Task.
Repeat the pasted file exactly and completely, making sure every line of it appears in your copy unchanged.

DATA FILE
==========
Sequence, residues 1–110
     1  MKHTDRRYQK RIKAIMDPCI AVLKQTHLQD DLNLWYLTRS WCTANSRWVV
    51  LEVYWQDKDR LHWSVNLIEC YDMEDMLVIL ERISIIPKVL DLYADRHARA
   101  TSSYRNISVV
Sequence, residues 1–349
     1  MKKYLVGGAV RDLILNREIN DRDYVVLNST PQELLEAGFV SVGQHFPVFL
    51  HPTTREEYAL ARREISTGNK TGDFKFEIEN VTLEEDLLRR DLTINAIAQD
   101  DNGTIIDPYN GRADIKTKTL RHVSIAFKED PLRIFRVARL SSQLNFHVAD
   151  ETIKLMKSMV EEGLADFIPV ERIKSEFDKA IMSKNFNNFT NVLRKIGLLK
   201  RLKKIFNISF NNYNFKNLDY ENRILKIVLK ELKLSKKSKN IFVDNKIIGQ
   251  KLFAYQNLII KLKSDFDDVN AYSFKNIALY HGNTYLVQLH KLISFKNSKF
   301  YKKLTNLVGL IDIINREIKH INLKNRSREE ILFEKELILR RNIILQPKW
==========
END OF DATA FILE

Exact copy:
Sequence, residues 1–110
     1  MKHTDRRYQK RIKAIMDPCI AVLKQTHLQD DLNLWYLTRS WCTANSRWVV
    51  LEVYWQDKDR LHWSVNLIEC YDMEDMLVIL ERISIIPKVL DLYADRHARA
   101  TSSYRNISVV
Sequence, residues 1–349
     1  MKKYLVGGAV RDLILNREIN DRDYVVLNST PQELLEAGFV SVGQHFPVFL
    51  HPTTREEYAL ARREISTGNK TGDFKFEIEN VTLEEDLLRR DLTINAIAQD
   101  DNGTIIDPYN GRADIKTKTL RHVSIAFKED PLRIFRVARL SSQLNFHVAD
   151  ETIKLMKSMV EEGLADFIPV ERIKSEFDKA IMSKNFNNFT NVLRKIGLLK
   201  RLKKIFNISF NNYNFKNLDY ENRILKIVLK ELKLSKKSKN IFVDNKIIGQ
   251  KLFAYQNLII KLKSDFDDVN AYSFKNIALY HGNTYLVQLH KLISFKNSKF
   301  YKKLTNLVGL IDIINREIKH INLKNRSREE ILFEKELILR RNIILQPKW